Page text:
To my great sorrow, I must report the cream-filled golden sponge cake of my halcyon youth is no more.
There will be no sweetest comeback in the history of ever.
Hostess Twinkies are dead.
Long live Hostess Twinkies!
Greetings, snack cake lovers! You may have heard Hostess Twinkies have made a comeback. That is a lie! But I do not write this to bury Twinkies, along with the various other iconic snack products manufactured by Hostess during the past nine decades, including CupCakes, Zingers, Ho Hos and Ding Dongs. I write it to praise them.
It’s fair to say the Twinkie was the ultimate culinary expression of 20th Century American Exceptionalism. The Italians had their cannolis, the French their eclairs, the Germans their cream horns. As delightful as these old world confections are, they simply could not compete with the the ingenuity of American snack food scientists. The atom bomb may have won World War II, but Hostess’ automatic cream-filling injectors secured the peace.
Science was on our side, and science is never wrong.
By the 1970s, Hostess was boldly celebrating its cream-filled prowess through various animated surrogates such as Twinkie the Kid, Captain CupCake and Fruit Pie the Magician, “the Hostess Pie technician” who successfully modified the company’s cream-filling injectors to pump any even remotely viscous substance into pastry products.
At least one cultural anthropologist theorizes that the metaphorical seeds of modern diversity were first planted by these whimsical, cartoon corporate figureheads. Captain CupCake’s dark chocolate complexion opened the doors of management to all people of color. Fruit Pie the Magician’s ambiguous sexuality foreshadowed the coming mainstream acceptance for the LGBT community. Twinkie the Kid’s indefatigable exuberance evinced a benevolent albeit paler majority willing to concede that all of us share the same creamy filling on the inside.
In fact, the global reach of Hostess, particularly during the last decades of the 20th century, when American snack cake hegemony reached its peak, is incalculable. In the former Soviet Union, there could be folks who’ll tell you that Glasnost had nothing to do with Gorbachev, Reagan or the infiltration of Western sex, drugs and rock ‘n’ roll, and everything to do with the scientifically-engineered irresistibility of Hostess Twinkies.
Make no mistake, there’s as much science and technology jammed into a Twinkie as your average cell phone. It just took 70 years to get it all in there. Monoglycerides, diglycerides, hydrogenated shortening, cellulose gum, artificial butter and vanilla flavor extracted from petroleum. Eight ingredients are derived from GMO corn: corn starch, glucose, fructose and high fructose corn syrup. Combine these with bleached flour and sugar in the correct proportions—a closely guarded trade secret—throw it in the oven an voila! The golden sponge cake we’ve all come to know and love. Finish it off with an injection of Polysorbate 60, AKA creamy filling, and there you have it.
Technology never tasted so good.
And it never will again. Exactly when the end for Twinkies began remains unclear, but the late 1990s seems like a safe starting point. By then, American appetites, nourished by Wonder Bread (another Hostess product) for three generations, had turned away from science and toward a more natural approach to sustenance. Unable to compete since there’s absolutely nothing natural about a Twinkie, Hostess was bought out by a larger, publicly-held firm whose shareholders were more interested in short term profiteering than honoring the company’s 90-year legacy.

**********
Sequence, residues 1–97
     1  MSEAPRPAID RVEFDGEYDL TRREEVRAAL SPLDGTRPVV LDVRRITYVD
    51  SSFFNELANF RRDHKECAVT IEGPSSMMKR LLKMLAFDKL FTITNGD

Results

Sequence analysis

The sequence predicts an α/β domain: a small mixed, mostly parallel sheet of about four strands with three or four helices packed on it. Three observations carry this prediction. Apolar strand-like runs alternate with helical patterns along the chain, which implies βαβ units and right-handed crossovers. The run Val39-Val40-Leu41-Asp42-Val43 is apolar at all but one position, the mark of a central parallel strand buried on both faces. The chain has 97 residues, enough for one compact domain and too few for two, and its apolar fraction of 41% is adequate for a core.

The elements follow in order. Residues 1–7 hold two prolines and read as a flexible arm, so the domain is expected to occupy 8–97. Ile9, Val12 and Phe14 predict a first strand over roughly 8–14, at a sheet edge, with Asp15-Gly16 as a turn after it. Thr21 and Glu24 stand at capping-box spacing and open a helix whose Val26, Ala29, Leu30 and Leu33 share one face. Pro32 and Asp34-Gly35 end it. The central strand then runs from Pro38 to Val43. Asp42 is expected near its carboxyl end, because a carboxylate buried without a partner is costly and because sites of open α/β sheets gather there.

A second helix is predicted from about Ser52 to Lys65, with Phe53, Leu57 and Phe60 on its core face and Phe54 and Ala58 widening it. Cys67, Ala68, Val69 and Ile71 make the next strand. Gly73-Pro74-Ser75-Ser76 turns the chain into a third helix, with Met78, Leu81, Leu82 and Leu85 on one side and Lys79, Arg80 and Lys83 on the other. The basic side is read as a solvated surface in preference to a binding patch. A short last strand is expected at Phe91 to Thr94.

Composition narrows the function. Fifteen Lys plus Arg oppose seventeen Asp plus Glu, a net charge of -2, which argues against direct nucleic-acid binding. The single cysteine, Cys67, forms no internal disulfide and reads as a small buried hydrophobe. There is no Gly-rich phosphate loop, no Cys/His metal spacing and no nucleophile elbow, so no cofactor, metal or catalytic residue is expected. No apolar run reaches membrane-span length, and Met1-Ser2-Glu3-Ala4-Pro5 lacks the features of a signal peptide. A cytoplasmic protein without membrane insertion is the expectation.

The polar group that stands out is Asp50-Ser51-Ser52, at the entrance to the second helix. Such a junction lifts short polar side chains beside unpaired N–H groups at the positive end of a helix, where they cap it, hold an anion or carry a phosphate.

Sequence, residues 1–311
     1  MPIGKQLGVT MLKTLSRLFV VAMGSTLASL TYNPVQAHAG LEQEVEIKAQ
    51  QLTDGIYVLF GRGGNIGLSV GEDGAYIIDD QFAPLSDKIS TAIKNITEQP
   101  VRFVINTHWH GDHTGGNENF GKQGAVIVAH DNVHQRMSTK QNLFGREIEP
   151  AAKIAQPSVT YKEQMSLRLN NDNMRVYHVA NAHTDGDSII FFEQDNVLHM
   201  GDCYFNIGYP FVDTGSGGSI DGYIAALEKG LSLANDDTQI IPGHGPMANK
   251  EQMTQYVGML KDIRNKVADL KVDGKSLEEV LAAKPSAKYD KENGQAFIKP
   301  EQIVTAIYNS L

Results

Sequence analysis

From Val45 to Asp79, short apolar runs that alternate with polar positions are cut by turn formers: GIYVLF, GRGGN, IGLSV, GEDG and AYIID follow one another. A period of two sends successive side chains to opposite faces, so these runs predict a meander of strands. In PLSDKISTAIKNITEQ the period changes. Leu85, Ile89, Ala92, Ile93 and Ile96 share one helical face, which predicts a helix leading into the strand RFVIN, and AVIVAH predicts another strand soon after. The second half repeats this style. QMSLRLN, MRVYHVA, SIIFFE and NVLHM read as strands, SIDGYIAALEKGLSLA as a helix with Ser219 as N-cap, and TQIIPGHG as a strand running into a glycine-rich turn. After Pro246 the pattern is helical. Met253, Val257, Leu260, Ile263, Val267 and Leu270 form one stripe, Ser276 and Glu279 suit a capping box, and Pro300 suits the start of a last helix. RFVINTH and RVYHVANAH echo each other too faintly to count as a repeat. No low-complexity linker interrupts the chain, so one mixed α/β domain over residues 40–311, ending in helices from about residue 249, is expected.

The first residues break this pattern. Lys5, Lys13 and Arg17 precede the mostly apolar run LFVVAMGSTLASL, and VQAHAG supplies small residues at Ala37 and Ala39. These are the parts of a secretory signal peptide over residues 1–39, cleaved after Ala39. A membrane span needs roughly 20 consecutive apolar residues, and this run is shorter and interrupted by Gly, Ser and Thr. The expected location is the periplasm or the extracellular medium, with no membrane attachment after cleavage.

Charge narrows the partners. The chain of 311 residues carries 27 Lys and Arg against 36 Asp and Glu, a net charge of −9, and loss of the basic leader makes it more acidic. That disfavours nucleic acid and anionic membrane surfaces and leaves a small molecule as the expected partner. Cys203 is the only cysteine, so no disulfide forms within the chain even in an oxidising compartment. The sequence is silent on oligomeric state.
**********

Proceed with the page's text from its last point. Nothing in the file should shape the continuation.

The divorce between management and the company’s heritage was made abundantly clear last year when Hostess abruptly shuttered its ovens rather than pay unionized bakers $16 per hour. No one from the company’s distant past could ever have imagined the day bakers weren’t paid a living wage. Alas, Twinkie the Kid had reached the end of the line.
Or so it seemed. Earlier this year, yet another Wall Street holding company purchased what was left of Hostess Brands, and Twinkies, CupCakes and Ho Hos began appearing once again on local shelves in June. The new Hostess is calling it the “sweetest comeback in the history of ever.” Even sweeter than the Buffalo Bills’ historic 41-38 come-from-behind overtime victory over the Houston Oilers in the 1992-93 NFL Playoffs, in which the Bills scored 32 unanswered points during the second half.
It only took one bite to tell me something has gone seriously wrong at the new Hostess. They call it sponge cake for a reason. It’s supposed to be moist and spongey. The new Twinkie is not moist and spongey. It’s more dry and cakey. The creamy filling is not as creamy, it sort of melts in your mouth before you even know its there, as if the Polysorbate 60 has been cut with solvent. Twinkies, CupCakes and Zingers have been my go-to comfort snacks my entire life. I’ve eaten so many of them, I’ve grown receptor cells near the base of my brain stem that vigorously tingle whenever I eat a Hostess snack cake.
But after finishing my first new Twinkie? No tingle.
Sadly, the case has been the same for the dozen or so Twinkies and CupCakes I’ve sampled since the “sweetest comeback ever” began. All cake, no sponge. Less creamy creamy filling. No sugar-rush tingle.
The new Hostess admits that it has changed the Twinkie by, among other things, extending its shelf life and slightly reducing it in size. But the changes I sense are more fundamental. The formula is off. Perhaps a bitter baker, distraught at losing his job, altered the recipe before his exit. All I can really tell you is that I know Twinkies, and the things I’ve been eating lately are most definitely not Twinkies.
Which means the “sweetest comeback ever” never really happened.
The Hostess Twinkie is dead.
Long live the Hostess Twinkie!